Lego is Giving Little Girls Beauty Tips

Photo (cc) by Tracheotomy Bob

How concerned would you be if your 5-year-old daughter asked you what face shape she has because she wants to know what kind of haircut would look best on her?

The question is prompted by an insert in the latest edition of the Lego Club Magazine. Didn’t think the building-toy behemoth would have a take on hair and beauty for children? Me neither.

But this is exactly the experience Sharon Holbrook described in The New York Time’s parenting blog:

She is 7. My little girl, the shape of her face, and whether her haircut is flattering are none of Lego’s concern. It wasn’t even her concern until a toy magazine told her to start worrying about it.

According to Consumerist, here are some of the hair and beauty tips Lego offers on “Emma’s Beauty Tips:”

  • Long faces. “If you want a long style, curls and waves help your face appear slightly shorter. Blunt bangs, side-swept bangs and choppy layers will also look cute,” the Lego insert reads. If you don’t want your face to look “slightly shorter,” then disregard Lego’s advice.
  • Square faces. “To soften the edges of your face, short, curly bobs, or long straight hair make pretty square faces even prettier,” Lego writes. Because really, who wants a harshly edged square face, right? It’s best to “soften the edges.”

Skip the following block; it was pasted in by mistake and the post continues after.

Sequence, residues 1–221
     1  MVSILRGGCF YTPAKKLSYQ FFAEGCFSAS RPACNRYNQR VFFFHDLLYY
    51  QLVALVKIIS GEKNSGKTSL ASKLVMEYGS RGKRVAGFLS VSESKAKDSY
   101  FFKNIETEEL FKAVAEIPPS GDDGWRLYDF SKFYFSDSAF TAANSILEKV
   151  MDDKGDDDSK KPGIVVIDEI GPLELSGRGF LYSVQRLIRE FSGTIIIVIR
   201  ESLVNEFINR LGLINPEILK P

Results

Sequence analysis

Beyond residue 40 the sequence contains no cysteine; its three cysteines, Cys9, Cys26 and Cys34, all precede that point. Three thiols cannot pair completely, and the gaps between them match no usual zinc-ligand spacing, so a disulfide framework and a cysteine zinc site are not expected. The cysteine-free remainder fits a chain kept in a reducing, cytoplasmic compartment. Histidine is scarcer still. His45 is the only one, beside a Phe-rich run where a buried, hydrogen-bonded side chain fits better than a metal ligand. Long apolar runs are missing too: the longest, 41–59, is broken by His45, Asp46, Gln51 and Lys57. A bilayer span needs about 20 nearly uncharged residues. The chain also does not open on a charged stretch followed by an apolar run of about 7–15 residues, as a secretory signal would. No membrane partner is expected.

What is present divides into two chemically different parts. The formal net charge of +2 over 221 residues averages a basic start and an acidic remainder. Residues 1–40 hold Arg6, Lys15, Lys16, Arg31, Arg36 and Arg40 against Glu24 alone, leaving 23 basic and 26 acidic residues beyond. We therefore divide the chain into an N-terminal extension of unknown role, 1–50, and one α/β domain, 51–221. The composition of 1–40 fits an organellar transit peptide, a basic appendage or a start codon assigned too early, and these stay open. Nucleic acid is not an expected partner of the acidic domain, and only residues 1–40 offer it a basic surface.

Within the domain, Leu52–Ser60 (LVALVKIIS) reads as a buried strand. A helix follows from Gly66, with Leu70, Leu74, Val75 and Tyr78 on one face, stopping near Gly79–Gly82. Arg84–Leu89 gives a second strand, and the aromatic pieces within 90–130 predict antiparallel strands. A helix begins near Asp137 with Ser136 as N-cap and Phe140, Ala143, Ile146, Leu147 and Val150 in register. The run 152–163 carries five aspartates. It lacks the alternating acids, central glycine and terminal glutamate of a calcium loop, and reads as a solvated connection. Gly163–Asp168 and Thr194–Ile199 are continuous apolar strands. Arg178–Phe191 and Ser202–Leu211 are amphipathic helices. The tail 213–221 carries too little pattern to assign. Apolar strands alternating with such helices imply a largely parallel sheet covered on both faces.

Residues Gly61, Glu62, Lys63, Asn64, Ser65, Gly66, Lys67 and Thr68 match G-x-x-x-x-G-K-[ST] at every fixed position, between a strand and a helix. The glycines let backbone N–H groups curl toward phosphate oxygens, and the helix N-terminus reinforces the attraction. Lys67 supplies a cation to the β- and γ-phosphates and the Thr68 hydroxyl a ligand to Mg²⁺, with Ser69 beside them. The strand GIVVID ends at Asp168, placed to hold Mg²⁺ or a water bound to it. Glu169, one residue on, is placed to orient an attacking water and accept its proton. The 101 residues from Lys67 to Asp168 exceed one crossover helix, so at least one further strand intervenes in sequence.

The insert has pictures of Heartlake Hair Salon, a Lego Friends play set.

Two years ago, a slightly different Lego Friends salon play set had the dubious distinction of earning a top spot on an annual list of the worst products by the Campaign for a Commercial-Free Childhood, Consumerist noted.

I remember playing with primary-colored Legos as a kid, not the purple and pink bricks that usually make up the super-girly Lego Friends sets these days. I don’t see how offering little girls advice on their hair has any place in a Lego magazine.

I have an almost 5-year-old daughter. I want to raise her to be strong and confident. She is far too young to be worrying about how she looks, including her dress and hair. I try to be careful about how I speak to her, complimenting her on how smart or kind she is, or what a great sense of humor she has, as well as how pretty she is. I want her to feel good about herself, both inside and out.

I am careful about what toys I purchase for her. Lately, she plays with a lot of Teenage Mutant Ninja Turtle toys and Spider-Man toys, and that’s great. A hair salon Lego set is probably not something we will ever see in my house.

What do you think about Lego’s hair advice for little girls? Share your comments below or on our Facebook page.

Disclosure: The information you read here is always objective. However, we sometimes receive compensation when you click links within our stories.

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